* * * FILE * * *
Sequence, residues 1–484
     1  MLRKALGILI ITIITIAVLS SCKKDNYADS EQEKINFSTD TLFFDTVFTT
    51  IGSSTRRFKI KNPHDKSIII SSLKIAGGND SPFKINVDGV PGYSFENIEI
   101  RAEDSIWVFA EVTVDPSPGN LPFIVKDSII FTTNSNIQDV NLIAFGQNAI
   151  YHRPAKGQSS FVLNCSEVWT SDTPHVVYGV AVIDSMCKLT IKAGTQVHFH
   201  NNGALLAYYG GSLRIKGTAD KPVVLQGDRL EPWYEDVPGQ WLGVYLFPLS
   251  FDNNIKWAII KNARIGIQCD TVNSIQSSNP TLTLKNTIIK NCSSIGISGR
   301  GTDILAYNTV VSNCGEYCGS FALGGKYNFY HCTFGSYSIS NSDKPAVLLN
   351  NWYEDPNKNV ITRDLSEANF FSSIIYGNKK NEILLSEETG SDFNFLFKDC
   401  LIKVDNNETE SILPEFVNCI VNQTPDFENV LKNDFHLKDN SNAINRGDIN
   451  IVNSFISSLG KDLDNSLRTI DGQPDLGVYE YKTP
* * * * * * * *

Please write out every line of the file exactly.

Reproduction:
Sequence, residues 1–484
     1  MLRKALGILI ITIITIAVLS SCKKDNYADS EQEKINFSTD TLFFDTVFTT
    51  IGSSTRRFKI KNPHDKSIII SSLKIAGGND SPFKINVDGV PGYSFENIEI
   101  RAEDSIWVFA EVTVDPSPGN LPFIVKDSII FTTNSNIQDV NLIAFGQNAI
   151  YHRPAKGQSS FVLNCSEVWT SDTPHVVYGV AVIDSMCKLT IKAGTQVHFH
   201  NNGALLAYYG GSLRIKGTAD KPVVLQGDRL EPWYEDVPGQ WLGVYLFPLS
   251  FDNNIKWAII KNARIGIQCD TVNSIQSSNP TLTLKNTIIK NCSSIGISGR
   301  GTDILAYNTV VSNCGEYCGS FALGGKYNFY HCTFGSYSIS NSDKPAVLLN
   351  NWYEDPNKNV ITRDLSEANF FSSIIYGNKK NEILLSEETG SDFNFLFKDC
   401  LIKVDNNETE SILPEFVNCI VNQTPDFENV LKNDFHLKDN SNAINRGDIN
   451  IVNSFISSLG KDLDNSLRTI DGQPDLGVYE YKTP